Pass It On Article, Winter 1997


By Jacqueline Benditt

The easiest way to get a job on the Hill is to know someone who can get you through the door for an interview. That could be a key constituent from the Members district, or a friend or mentor of yours who may have ties to the Hill.

However, if you have no contacts on the Hill, the best way to begin your job search is to contact the offices of your two state Senators, and Members of Congress in your home district and state. Also check for Members or Senators who sit on committees of interest to you. Call ahead for the name of the Chief of Staff and send your resume with a cover letter and a short (1-2 page) writing sample that demonstrates you can write clearly.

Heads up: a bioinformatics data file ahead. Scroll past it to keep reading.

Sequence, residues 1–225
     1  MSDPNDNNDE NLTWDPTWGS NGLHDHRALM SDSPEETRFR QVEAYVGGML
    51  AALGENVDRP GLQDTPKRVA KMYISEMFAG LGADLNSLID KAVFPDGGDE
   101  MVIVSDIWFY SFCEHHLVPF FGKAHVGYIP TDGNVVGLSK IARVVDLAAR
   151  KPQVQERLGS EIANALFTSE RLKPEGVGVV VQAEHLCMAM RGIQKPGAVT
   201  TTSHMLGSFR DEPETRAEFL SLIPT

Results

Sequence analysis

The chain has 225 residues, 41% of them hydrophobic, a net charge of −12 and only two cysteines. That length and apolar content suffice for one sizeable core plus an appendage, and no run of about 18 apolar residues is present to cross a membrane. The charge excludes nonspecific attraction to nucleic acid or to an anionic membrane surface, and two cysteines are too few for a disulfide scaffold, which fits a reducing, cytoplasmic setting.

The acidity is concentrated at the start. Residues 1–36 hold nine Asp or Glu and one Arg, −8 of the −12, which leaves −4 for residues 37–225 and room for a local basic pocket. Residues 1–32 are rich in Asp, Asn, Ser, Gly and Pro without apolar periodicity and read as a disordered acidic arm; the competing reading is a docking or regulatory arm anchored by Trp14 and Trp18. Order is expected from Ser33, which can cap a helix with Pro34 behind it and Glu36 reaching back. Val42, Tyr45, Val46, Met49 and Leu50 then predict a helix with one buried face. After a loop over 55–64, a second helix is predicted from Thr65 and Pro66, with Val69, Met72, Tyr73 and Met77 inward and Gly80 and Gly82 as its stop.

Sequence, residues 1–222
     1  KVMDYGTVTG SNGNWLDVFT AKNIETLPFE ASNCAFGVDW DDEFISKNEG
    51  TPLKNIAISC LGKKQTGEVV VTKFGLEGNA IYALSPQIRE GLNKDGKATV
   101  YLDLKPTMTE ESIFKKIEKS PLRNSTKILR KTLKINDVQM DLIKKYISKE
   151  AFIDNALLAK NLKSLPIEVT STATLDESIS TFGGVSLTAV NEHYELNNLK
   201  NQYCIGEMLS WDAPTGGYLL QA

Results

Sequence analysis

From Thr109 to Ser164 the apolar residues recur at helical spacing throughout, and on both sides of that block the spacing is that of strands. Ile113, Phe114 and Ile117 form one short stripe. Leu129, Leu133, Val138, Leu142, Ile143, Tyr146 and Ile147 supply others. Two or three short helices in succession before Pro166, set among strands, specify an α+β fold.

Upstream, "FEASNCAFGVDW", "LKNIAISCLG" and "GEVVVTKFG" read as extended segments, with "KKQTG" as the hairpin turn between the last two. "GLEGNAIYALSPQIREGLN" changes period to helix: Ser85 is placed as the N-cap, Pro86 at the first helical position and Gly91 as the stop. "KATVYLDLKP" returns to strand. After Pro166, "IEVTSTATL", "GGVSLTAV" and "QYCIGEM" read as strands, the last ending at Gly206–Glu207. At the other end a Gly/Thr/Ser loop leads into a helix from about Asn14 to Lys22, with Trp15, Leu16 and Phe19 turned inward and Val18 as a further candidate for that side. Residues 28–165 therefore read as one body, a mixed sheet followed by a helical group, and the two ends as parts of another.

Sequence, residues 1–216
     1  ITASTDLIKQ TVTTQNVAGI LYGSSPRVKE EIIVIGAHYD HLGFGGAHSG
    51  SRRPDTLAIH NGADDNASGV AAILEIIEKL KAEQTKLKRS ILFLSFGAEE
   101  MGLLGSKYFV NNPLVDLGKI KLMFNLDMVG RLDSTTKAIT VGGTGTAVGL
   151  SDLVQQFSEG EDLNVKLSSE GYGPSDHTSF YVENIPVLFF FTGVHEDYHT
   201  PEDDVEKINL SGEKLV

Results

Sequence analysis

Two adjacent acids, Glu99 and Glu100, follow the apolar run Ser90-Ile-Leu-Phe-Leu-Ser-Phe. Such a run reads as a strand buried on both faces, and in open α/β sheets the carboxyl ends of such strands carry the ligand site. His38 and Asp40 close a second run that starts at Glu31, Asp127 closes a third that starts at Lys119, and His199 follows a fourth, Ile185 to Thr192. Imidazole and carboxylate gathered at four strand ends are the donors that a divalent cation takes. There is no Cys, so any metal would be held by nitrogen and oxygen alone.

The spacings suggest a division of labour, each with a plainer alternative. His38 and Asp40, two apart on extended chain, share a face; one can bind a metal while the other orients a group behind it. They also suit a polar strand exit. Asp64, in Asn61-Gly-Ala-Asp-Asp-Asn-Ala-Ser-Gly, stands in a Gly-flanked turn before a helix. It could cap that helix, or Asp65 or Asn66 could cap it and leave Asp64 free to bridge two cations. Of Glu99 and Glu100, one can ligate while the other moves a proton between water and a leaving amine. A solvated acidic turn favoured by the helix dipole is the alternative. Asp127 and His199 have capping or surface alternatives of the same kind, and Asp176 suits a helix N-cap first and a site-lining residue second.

Always follow up with a phone call, then remain politely persistent at consistent intervals in case something opens up (sometimes the Chief of Staff is the last person to know of an upcoming staff vacancy). Ask everyone you meet for suggestions of other offices that might be hiring -- be nice to everyone you meet because you never know when a receptionist might have a job lead. If you get an interview, present yourself as upbeat, open, friendly, and, above all, do some research about the Member/Senator/Issues beforehand. Most Members have up-to-date Web sites (start with that can help you learn about the district he/she represents, on which committees he/she sits, and issues that are particularly important for him/her, etc.

If you have time for a long range strategy, volunteer on a campaign during an election year. Even if the candidate loses, you will establish valuable contacts within the party and the state.

Editors Note: Jacqueline Benditt is an attorney and served as a Legislative Assistant to former Congressman Tom Campbell (R-CA) who served on the International Relations and Banking Committees of the House. This article was originally published in Pass It On, Vol. 7, No. 2.